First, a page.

The CFMMEU has been hit with a major financial penalty with the Federal Circuit Court penalising the union and five of its officials $486,500.
The union was found to have organised unlawful blockades and work disruptions targeting Sydney concreting company De Martin and Gasparini (DMG) in 2015.
The Federal Circuit Court found the CFMMEU and its officials Brian Parker, Robert Kera, Salvatore Manna, Michael Greenfield and Luke Collier took action intended to coerce DMG to enter into a CFMMEU enterprise agreement.
- CFMMEU - $404,500
- Brian Parker – $17,000
- Michael Greenfield - $13,500
- Luke Collier - $7,500
- Robert Kera - $21,500
- Salvatore Manna - $22,500
On 13 February 2015 Mr Parker, Mr Kera and other CFMMEU officers, carrying union-branded flags, attended a rally involving more than 70 DMG employees outside the main entrance to Barangaroo site. The DMG employees were taking part in protected industrial action.
On 14, 16 and 17 February CFMMEU officials unlawfully blocked the main entry gate and vehicle access gates preventing subcontractors from entering the site.
Over the three days subcontractors were prevented from attending work and subjected to abuse. Workers were called ‘f*ing scabs’ and ‘filthy dogs’ and concrete trucks were turned away, with at least one driver complaining of being harassed by a CFMMEU official.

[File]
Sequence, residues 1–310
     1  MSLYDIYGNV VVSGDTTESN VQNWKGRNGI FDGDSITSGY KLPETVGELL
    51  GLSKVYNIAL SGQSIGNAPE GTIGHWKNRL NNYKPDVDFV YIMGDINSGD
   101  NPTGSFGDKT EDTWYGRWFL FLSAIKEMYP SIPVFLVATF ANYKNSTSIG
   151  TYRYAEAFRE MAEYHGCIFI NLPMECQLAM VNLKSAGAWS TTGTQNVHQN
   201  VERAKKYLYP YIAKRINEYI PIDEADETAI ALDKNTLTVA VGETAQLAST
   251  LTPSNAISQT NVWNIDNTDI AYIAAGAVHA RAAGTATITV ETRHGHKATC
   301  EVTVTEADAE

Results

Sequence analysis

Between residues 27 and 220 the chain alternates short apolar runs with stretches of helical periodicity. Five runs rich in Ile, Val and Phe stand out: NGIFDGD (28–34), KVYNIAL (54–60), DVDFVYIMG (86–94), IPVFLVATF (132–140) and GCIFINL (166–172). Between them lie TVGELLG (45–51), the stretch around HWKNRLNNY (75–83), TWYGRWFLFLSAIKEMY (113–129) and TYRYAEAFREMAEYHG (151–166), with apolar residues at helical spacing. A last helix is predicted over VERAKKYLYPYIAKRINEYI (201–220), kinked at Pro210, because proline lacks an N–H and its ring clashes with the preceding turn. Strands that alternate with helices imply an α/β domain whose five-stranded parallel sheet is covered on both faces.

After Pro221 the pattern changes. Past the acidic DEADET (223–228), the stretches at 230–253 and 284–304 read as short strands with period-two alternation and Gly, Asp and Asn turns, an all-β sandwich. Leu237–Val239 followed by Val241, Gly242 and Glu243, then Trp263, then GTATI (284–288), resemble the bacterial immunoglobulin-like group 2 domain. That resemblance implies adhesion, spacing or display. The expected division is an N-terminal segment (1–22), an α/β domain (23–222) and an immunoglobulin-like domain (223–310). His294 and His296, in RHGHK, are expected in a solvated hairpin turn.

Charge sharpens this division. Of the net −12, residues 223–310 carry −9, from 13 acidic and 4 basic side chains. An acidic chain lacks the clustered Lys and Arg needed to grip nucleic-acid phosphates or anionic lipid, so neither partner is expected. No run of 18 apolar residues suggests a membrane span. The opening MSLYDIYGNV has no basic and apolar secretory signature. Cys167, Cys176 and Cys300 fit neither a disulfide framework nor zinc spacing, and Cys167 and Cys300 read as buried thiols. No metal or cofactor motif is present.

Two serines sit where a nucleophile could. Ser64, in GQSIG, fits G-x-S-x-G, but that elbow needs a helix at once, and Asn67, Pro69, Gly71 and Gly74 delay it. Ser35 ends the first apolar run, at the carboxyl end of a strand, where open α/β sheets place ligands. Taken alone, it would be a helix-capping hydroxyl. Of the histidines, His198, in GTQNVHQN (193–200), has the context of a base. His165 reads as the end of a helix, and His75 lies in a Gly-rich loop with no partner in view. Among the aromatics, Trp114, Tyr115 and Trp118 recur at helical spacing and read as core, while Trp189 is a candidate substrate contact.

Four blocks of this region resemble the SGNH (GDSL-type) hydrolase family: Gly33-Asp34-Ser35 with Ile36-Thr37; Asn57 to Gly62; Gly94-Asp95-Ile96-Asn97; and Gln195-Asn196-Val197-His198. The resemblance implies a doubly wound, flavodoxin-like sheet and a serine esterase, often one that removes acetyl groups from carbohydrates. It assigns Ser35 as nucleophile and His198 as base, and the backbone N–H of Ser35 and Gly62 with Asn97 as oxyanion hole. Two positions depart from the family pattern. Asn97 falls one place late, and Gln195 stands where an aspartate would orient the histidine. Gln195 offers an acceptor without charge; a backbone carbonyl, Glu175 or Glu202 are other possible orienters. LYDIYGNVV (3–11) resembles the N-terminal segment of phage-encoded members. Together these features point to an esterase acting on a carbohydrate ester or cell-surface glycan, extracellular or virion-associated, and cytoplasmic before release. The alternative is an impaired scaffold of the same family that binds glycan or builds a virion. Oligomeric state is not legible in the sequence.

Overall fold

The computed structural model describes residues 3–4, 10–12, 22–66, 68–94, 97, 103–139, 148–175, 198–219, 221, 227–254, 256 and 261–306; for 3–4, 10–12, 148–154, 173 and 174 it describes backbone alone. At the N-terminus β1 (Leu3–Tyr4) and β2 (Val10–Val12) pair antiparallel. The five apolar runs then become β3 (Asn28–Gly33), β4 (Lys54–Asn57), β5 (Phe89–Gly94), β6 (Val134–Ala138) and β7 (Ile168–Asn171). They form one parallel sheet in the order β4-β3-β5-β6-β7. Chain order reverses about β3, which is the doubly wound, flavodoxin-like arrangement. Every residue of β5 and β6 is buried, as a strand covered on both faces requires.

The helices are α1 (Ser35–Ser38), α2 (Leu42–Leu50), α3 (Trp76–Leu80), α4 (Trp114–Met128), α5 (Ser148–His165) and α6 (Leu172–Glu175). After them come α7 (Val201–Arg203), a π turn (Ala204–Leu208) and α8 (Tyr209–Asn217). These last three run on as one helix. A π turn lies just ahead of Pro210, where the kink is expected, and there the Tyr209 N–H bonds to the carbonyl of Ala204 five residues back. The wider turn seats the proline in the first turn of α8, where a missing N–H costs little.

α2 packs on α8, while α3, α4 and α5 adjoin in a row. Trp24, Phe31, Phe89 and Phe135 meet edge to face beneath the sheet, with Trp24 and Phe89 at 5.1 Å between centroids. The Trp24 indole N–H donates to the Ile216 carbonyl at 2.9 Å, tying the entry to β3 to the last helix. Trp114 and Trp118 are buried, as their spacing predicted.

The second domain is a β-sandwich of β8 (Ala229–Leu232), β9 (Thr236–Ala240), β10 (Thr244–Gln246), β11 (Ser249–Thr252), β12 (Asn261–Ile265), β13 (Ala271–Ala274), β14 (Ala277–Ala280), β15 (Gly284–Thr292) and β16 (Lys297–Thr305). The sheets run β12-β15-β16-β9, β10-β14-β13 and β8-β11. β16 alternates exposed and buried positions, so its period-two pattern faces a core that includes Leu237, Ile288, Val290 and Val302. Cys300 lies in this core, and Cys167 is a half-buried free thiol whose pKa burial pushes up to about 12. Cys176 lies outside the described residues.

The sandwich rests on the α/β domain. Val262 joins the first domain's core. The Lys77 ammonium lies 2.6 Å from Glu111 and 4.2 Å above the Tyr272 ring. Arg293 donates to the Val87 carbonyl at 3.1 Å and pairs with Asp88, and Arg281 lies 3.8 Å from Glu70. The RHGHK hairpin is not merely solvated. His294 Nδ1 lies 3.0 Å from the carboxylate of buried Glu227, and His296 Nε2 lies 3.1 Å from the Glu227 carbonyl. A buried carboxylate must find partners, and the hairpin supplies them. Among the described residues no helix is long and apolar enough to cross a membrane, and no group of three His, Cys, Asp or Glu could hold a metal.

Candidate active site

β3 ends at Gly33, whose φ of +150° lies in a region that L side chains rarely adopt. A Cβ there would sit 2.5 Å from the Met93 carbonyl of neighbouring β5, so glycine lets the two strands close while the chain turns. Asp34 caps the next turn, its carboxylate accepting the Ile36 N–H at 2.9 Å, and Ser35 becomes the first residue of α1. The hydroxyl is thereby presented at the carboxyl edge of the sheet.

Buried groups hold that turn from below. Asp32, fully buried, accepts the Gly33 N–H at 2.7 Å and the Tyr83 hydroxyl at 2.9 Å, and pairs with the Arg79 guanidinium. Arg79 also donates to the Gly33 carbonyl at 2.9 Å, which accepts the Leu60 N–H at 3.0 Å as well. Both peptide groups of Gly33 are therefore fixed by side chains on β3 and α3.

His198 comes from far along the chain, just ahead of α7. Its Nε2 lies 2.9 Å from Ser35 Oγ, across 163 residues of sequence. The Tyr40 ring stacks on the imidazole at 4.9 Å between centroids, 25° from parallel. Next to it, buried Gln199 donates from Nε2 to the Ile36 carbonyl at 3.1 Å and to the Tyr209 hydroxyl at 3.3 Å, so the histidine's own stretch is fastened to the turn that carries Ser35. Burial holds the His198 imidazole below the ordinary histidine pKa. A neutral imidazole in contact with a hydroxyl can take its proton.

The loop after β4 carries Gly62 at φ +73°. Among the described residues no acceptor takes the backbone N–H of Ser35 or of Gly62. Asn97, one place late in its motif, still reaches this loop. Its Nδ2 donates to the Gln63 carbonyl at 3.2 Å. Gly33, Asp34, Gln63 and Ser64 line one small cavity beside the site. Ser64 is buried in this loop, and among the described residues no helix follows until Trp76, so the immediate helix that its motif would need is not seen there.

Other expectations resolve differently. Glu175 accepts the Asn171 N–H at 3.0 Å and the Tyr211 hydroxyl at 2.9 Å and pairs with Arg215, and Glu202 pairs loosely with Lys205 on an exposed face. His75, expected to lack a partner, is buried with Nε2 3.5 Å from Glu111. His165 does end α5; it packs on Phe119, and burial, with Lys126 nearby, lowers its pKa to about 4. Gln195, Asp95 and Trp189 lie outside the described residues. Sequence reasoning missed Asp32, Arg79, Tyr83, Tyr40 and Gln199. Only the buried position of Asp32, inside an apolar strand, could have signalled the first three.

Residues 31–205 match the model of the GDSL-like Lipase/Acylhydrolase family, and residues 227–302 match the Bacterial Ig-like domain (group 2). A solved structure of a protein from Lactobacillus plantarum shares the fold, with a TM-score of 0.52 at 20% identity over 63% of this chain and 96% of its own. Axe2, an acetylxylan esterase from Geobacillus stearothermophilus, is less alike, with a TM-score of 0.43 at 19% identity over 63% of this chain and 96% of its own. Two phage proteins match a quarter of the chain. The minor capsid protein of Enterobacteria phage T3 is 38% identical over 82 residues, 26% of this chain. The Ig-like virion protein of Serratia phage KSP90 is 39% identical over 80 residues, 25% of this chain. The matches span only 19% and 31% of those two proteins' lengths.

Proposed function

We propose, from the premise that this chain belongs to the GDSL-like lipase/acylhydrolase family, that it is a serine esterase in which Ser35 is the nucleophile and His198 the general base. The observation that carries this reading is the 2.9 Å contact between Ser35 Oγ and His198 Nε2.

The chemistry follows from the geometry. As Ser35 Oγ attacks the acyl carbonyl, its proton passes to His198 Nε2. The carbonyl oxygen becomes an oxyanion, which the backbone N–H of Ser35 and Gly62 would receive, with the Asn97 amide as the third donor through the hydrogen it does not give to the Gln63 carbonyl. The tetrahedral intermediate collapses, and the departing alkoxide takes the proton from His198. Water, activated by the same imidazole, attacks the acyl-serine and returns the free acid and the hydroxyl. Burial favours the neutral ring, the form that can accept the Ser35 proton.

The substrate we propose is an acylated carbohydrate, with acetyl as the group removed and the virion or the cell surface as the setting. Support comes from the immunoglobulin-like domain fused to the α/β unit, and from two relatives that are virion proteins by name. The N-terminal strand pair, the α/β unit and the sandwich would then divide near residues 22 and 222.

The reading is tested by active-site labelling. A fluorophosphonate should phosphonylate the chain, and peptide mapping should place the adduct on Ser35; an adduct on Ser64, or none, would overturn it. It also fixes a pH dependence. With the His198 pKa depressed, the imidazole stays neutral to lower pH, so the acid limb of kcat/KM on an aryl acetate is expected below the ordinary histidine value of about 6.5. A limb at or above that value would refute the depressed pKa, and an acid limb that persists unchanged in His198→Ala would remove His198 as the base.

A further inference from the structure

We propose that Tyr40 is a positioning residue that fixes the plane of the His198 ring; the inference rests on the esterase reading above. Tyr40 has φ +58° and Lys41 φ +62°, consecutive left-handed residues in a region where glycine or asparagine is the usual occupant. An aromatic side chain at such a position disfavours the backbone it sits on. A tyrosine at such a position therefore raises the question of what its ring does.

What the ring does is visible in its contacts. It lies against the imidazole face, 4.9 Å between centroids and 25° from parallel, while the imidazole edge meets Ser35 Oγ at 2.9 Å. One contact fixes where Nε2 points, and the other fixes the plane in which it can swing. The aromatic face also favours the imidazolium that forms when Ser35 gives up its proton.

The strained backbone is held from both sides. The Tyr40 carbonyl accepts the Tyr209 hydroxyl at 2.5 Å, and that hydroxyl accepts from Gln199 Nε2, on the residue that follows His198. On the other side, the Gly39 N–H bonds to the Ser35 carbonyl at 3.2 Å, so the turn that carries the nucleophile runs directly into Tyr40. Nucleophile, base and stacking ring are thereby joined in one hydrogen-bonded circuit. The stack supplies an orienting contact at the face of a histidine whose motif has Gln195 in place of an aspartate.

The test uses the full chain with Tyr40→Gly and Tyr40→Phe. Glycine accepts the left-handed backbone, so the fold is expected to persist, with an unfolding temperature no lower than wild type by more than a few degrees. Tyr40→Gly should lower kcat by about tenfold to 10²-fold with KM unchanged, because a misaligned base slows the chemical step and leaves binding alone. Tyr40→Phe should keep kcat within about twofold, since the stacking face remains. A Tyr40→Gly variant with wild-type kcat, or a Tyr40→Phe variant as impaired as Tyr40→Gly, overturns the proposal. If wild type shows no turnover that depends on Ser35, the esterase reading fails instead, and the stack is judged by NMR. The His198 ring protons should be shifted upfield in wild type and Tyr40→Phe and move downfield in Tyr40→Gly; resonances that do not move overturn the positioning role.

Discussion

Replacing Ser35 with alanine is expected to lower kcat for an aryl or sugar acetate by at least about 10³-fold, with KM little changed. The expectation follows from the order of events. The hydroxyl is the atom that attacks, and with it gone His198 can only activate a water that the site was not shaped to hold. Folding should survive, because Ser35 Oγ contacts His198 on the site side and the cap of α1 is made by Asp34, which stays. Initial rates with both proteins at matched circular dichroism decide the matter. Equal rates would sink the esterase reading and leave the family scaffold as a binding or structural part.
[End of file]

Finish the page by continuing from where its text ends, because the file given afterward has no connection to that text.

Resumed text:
Then CFMMEU NSW branch secretary Brian Parker told DMG’s general manager: “we are not mucking around anymore” and “we will keep fighting until the end”.
Former CFMMEU official Luke Collier, who was involved in blocking vehicle access to the site, directed others to: “Stand on the road guys. There’s not enough police to take us all away.”
Handing down his penalty judgment Judge Manousaridis described the conduct of the CFMMEU officials as serious because it was intended:
“…to signal to operators of trucks and workers that they would be prevented from entering the Barangaroo Site to carry out work.”
ABCC Commissioner Stephen McBurney said the extent of the penalties against the CFMMEU and its senior officials highlighted the gravity with which the Courts viewed the union’s practices.
“Penalties in cases brought by the ABCC since its re-establishment on 2 December 2016 have now exceeded $10 million. Total penalties against the CFMMEU and its officials currently stand at $9.62 million,” Mr McBurney said.
“Time and again we see the Courts commenting on the seriousness of the CFMMEU’s unlawful behaviour.
“Sadly senior officials like Mr Parker, Mr Kera, Mr Manna and Mr Greenfield are not first offenders. The striking feature of the history of offending produced to the Court by my agency is the absence of either contrition or remorse.”